How did the revolution change American society? Historians have long debated its short-term and long-term effects of the revolution and its social changes.
One of the most hotly debated topics of the American Revolution is to what extent it changed the lives of ordinary people. On many levels, the revolution seemed to benefit only those who had already enjoyed significant status, such as the colonial elites. Its main achievements were political and economic: the transference of sovereignty from a British king to Americans, the maturation of colonial assemblies into state legislatures, the release of merchants from the chains of British trade laws and duties, and the opening up of westward territories for exploration. This political impact is obvious because it is reflected in constitutions, systems of government and public records – but the social impact is more difficult to define. On the surface, the revolution did little for ordinary people because it had never initially promised to: it had been sparked by opposition to unfair taxation, standing armies and oppressive government – not the mistreatment or the rights of the poor, women, slaves or ‘Indians’. If there were social changes then they were subtle, complex and incidental, rather than being an explicit aim of the revolution.
Slavery was undoubtedly weakened by revolutionary ideas and the War of Independence, though in many ways it was also fortified in the new society. The stirring rhetoric of documents like the Declaration of Independence led many slaves to seek their freedom, either by escaping or enlisting in the Continental Army or in the various state militias. The numbers of free blacks in America increased almost threefold because of this. The wiser revolutionary leaders recognised the hypocrisy of demanding liberty while keeping people in servitude – but some of the loudest voices, like Jefferson and Washington, kept slaves all their lives. Some individuals though upheld the spirit of the revolution, granting manumission to their slaves. Abolitionist movements, in existence since before the 1770s amongst groups like the Pennsylvania Quakers, increased markedly during and after the revolution. Yet despite these advances in thinking and the liberation of some Africans from slavery, the institution itself remained as strong as ever. This was particularly true in the southern states, where slavery was essential because of labour-intensive methods of farming and the lack of a significant white workforce. This economic imperative led southern interests to defend slavery rigorously, so much so that it was factored into the Constitution via the three-fifths compromise. The Constitution also allowed the slave trade to continue, though only via a twenty-year sunset clause on the practice.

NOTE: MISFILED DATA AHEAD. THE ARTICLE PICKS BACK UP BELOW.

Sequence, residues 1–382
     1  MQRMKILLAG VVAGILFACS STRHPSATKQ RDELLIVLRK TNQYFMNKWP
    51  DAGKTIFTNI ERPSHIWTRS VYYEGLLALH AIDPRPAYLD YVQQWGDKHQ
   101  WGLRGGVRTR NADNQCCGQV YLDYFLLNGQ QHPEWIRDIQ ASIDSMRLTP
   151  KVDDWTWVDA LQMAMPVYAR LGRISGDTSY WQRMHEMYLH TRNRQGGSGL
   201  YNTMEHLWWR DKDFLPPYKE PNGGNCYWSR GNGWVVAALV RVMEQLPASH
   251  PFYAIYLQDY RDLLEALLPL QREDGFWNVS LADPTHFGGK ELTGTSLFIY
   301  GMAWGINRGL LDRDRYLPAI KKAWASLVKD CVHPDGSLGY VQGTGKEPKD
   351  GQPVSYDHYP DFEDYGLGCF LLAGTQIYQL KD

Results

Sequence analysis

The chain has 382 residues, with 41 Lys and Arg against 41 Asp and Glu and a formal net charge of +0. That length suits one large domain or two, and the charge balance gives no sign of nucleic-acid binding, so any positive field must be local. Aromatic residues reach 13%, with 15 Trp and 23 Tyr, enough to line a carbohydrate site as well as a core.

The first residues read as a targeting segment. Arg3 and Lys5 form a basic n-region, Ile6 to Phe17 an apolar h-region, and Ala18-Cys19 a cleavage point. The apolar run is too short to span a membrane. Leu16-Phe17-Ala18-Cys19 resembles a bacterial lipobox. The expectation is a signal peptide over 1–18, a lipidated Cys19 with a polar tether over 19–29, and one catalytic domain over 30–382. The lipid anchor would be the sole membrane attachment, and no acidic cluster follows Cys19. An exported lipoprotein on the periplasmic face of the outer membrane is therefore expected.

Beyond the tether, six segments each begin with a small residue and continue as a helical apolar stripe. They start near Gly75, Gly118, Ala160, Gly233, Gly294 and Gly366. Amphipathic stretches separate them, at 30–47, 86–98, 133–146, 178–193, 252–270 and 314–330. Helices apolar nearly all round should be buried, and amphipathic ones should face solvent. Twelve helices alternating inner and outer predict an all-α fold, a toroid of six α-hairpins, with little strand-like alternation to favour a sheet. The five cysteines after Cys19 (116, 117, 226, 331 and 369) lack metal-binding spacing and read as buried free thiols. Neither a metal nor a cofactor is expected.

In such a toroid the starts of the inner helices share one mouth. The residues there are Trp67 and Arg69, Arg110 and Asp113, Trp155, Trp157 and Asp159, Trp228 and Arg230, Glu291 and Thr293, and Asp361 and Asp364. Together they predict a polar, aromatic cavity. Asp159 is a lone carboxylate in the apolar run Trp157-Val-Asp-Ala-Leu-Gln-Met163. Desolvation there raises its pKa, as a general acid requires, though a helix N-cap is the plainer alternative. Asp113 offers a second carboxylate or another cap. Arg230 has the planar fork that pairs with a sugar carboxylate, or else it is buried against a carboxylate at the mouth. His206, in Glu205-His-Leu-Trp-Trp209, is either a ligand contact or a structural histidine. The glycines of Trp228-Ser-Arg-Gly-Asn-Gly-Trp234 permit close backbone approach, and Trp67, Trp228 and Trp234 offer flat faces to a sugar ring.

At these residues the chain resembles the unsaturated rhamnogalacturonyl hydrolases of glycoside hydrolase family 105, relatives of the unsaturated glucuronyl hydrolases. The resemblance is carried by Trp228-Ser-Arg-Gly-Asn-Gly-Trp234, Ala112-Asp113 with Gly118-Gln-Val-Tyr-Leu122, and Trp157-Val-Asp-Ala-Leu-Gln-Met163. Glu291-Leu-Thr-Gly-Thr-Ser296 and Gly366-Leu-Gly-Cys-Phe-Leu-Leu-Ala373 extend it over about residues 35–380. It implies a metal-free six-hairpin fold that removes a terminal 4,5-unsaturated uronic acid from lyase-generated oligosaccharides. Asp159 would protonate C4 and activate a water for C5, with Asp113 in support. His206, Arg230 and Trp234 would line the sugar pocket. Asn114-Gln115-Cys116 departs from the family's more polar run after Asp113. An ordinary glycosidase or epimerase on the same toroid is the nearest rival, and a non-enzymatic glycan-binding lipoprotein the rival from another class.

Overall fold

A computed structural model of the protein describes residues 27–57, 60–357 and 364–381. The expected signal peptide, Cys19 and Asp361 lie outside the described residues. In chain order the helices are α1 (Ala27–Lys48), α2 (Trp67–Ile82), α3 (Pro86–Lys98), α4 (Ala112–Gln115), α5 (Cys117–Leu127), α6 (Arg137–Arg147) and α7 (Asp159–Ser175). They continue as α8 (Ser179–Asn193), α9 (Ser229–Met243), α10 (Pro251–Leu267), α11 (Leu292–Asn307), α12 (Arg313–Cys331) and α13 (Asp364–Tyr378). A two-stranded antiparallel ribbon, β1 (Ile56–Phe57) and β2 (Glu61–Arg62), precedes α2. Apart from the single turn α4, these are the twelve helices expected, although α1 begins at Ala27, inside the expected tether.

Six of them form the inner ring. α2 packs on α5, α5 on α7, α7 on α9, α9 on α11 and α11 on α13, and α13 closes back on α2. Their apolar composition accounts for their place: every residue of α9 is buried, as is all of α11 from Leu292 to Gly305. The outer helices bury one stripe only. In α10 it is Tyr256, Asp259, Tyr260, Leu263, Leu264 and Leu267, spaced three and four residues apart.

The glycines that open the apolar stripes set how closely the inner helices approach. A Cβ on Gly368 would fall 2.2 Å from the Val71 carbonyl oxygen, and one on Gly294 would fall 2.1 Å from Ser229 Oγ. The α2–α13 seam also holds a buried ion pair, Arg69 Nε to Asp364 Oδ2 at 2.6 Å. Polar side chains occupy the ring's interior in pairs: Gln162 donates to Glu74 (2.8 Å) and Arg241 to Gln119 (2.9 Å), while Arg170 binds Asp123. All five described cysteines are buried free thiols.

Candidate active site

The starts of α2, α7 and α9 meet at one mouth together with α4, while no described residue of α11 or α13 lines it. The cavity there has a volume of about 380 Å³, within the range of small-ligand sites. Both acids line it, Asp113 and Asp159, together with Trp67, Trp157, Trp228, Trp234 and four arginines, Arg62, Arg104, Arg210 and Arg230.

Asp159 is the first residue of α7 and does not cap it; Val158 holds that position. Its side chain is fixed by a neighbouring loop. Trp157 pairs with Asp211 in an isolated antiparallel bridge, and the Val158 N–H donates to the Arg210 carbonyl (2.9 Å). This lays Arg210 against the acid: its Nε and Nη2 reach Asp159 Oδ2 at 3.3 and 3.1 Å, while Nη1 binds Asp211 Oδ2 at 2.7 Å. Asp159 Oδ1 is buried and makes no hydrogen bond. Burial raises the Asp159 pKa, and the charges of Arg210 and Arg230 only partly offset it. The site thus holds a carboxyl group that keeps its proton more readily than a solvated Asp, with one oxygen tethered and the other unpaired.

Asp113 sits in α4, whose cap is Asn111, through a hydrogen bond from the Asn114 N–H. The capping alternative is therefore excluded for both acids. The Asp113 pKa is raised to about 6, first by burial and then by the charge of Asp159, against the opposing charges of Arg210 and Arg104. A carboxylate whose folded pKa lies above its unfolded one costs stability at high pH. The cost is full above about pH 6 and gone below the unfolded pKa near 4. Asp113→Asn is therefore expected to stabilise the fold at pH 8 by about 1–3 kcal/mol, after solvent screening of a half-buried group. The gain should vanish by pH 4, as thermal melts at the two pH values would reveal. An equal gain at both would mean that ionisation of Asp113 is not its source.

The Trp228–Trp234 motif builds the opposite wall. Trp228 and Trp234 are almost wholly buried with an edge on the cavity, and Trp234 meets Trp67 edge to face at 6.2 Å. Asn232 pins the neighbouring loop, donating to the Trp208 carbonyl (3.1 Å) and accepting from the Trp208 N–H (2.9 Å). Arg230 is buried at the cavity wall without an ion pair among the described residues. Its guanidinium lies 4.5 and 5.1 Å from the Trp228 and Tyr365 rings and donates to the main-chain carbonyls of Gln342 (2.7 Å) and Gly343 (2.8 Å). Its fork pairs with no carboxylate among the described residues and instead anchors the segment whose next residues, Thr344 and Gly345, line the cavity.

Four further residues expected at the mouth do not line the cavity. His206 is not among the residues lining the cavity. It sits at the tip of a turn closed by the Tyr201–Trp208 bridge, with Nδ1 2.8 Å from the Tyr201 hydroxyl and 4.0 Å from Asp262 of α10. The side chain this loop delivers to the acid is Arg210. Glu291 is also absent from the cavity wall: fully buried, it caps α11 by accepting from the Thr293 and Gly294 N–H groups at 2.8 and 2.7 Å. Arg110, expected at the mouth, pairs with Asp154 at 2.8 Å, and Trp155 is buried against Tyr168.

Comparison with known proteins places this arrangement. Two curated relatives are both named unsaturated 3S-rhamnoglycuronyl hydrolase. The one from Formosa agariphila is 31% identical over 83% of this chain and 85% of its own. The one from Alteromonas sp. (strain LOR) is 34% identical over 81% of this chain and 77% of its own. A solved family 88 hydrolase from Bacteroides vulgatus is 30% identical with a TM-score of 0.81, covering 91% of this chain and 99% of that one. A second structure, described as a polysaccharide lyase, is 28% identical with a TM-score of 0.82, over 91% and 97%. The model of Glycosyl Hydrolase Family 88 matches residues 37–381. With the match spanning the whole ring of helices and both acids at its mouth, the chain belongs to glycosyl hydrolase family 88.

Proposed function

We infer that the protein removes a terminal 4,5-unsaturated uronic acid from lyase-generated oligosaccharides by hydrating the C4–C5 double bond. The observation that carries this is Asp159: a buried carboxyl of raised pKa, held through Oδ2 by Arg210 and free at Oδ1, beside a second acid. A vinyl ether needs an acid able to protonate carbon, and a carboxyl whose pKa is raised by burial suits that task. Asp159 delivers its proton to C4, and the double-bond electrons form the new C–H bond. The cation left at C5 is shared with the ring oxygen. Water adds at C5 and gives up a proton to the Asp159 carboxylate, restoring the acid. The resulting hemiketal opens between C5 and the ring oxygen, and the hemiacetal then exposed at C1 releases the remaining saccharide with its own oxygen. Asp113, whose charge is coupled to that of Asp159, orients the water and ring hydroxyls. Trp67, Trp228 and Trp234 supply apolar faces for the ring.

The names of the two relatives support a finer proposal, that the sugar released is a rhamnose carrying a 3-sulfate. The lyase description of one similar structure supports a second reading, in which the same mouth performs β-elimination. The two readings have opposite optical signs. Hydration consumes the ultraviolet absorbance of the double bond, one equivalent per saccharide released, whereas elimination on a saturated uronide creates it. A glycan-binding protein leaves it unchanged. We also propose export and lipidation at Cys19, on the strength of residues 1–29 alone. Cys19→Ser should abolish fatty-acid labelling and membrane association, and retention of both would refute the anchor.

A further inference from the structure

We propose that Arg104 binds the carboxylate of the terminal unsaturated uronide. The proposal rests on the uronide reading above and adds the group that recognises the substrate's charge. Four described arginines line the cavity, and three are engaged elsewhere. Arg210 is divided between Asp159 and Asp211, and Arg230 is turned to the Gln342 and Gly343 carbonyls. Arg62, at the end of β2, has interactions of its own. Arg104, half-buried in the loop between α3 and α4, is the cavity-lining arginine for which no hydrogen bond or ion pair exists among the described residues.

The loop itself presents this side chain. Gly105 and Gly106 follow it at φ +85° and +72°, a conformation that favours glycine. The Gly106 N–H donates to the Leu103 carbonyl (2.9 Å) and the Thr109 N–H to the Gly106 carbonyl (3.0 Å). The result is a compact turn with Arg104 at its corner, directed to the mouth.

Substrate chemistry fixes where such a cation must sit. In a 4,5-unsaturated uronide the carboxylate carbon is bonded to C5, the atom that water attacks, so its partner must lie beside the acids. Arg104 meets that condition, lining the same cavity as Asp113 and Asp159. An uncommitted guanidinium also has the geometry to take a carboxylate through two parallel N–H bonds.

A historian’s view:
“Social changes were interwoven with political processes and took longer to mature. Each state moved at its own pace and advances were slower in some places than others. Claims to continuing social hegemony and political supremacy made by the established and often conservative patriot elites were challenged by men of lower social status, who argued that they were entitled to share in the direction of a nation they were helping to create. The outcome was a significant realignment of relations between elites and their social inferiors at the state level. New men were able to enter public life, both as voters and as elected officials. They demanded that their interests be considered, even if they conflicted with those of the rich. Elites were forced to share their power.”